The hashtag #MetalGate has spring up on Twitter over the past few days. Despite claims that “Social Justice Warriors” have declared war on metal, the only links being passed around are to a notorious MRA site I won’t link to, and to a sife called Death Metal Underground which blows the racist dog-whistle at heavy metal volumes.

Basically SJWs are complaining about how people who enjoy metal tend to be racist, misogynist, and homophobic the three favorite strawman attacks of the left and exclude those who are not white “cisgendered” males. As you know, the average white man in the West Virginian coal mines has much more prosperity and opportunity than the rest of the ethnic and gender groups in the country, so there is no reason that white men should have a right to have any pride in their ethnic identity or have anything unique that they can identify with.

The rather more reputable MetalSucks dismisses the whole thing as total hogwash.

But my ultimate problem with #metalgate is that it’s entirely manufactured. No one, or no group, is banding together to try and change metal in any one specific way — the threat is entirely imagined. Certain social values enter the metalsphere simply because those values are spreading throughout society as a whole — this idea that “SJWs” failed with #gamergate so they’re now moving on to a different cause is total bologna. They’re entirely separate people!

Precisely. Hack journalists have been writing poorly-researched articles riddled with lazy stereotypes about metal and metal fans for decades. And metal fans have been calling them out on it for just as long. You do occasionally hear people say “Metal is racist because metal fans are predominately white”, but nobody with the remotest of clues takes them seriously. And no, mentioning the fact that Varg Vikernes of Burzum is a neo-Nazi and a convicted murderer isn’t the same thing.

If you actually look at the #MetalGate tag on Twitter, it’s all the same people as #GamerGate. It doesn’t have much to with actual metal fandom. Please get your sea-lions off Metal’s lawn.

But it does make you wonder how the whole thing started. Today’s big story in metal is the sacking of Phil McSorley from Cobalt after a bigoted meltdown on Facebook, to the tune of “Good bloody riddance” from several prominent metal music writers.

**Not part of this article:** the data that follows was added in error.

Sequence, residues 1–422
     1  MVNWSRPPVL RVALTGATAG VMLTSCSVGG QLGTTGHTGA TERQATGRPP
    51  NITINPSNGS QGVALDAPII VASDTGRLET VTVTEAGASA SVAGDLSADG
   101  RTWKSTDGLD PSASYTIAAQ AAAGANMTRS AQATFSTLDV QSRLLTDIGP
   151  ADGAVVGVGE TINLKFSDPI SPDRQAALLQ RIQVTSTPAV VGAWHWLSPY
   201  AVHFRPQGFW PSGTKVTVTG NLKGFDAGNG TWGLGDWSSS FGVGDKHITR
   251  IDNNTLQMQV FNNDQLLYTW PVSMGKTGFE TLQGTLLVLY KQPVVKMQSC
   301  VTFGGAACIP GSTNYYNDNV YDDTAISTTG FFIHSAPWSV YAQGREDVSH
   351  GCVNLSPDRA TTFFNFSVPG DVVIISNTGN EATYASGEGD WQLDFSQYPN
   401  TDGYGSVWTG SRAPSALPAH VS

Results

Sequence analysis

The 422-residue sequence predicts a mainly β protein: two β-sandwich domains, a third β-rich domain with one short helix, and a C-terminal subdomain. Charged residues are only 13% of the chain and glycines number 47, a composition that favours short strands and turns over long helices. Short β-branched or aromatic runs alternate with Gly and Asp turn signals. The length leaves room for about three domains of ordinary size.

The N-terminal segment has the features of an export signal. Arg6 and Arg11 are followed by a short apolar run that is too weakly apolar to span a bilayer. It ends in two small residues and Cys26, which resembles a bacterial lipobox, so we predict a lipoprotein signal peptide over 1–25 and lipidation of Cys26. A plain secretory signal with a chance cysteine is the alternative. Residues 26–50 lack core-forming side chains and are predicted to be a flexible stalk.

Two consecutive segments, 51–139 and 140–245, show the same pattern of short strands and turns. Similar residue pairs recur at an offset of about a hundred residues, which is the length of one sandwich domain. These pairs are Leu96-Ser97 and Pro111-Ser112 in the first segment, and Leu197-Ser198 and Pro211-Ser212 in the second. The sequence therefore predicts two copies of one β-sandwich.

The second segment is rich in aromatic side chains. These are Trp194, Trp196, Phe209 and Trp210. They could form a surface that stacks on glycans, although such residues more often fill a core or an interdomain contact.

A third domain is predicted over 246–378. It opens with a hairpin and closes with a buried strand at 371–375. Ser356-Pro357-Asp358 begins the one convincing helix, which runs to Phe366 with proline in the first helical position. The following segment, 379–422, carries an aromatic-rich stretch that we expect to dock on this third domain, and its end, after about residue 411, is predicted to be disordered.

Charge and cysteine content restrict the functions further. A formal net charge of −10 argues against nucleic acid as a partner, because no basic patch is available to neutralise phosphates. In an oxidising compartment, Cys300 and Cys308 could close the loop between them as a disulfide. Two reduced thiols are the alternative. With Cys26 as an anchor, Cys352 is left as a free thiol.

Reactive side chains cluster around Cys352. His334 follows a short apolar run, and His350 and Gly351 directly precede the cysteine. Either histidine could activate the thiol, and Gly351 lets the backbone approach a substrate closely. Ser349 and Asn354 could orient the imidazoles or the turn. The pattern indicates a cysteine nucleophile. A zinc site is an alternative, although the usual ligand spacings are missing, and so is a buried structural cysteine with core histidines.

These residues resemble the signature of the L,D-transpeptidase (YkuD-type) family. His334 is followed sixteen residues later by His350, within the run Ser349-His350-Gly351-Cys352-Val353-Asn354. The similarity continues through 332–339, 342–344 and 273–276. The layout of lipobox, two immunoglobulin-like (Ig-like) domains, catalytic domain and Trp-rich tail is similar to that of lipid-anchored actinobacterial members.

The decision to go separate ways is not at all surprising. McSorley, the former vocalist of Cobalt and current force behind the raw black metal band Recluse, employed some colorful hate slurs while accusing a prominent metal journalist of trying to build a “USBM friendship scene,” and bringing a “liberal agenda” of political correctness and social awareness into metal.

Now, I have no idea if acolytes of McSorley have anything to do with the appearance of the MetalGate tag. But the timing does seem something of a coincidence.

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The news that Muse are to headline Download Festival 2015 has predictably drawn out the tribal idiots of the rock world. If The Prodigy can headline the same festival, and Metallica can headline Glastonbury, then a band as over the top and bombastic as Muse ought to go down a storm at Britain’s premier metal festival. Surely people can remember “Knights of Cydonia“?

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Punk Warriors Strike Again

No, I don’t have particularly high hopes for the new Pink Floyd album “The Endless River”. When the two remaining members of the band have more or less made it clear that it’s warmed-up leftovers from twenty years ago, I think it’s unrealistic to expect something to rival “Meddle”. Of course there’s always the chance it will be a pleasant surprise; few people expected three-quarters of the original Black Sabbath to come up with something as strong as last year’s “13″.

But when I see a national newspaper review the thing, and the opening line is the hoary old cliché “This is why punk had to happen”, my hackles start to rise. I guess the reviewer deserves some credit for laying his prejudices on the line so openly, but with an opening line like that you know there is absolutely no point in wasting any time reading the rest of the review.

Now punk delivered some great back-to-basics rock’n'roll records that stood the test of time, and that ought to be its legacy. But the whole “Year Zero” thing was always total hogwash, and it’s still galling to see generations of music writers who were too young to be around at the time swallowing the narrative whole.

There are old punks for whom two minutes of adrenaline-changed stripped-down rock’n'roll is the peak of musical perfection, and more power to them. But I’ve always suspected that for some of them, it was all about the excitement of being part of a “scene” and they didn’t really like the actual music at all. Unfortunately far to many of the latter group ended up in influential positions in the media, and music has been the worse for it ever since.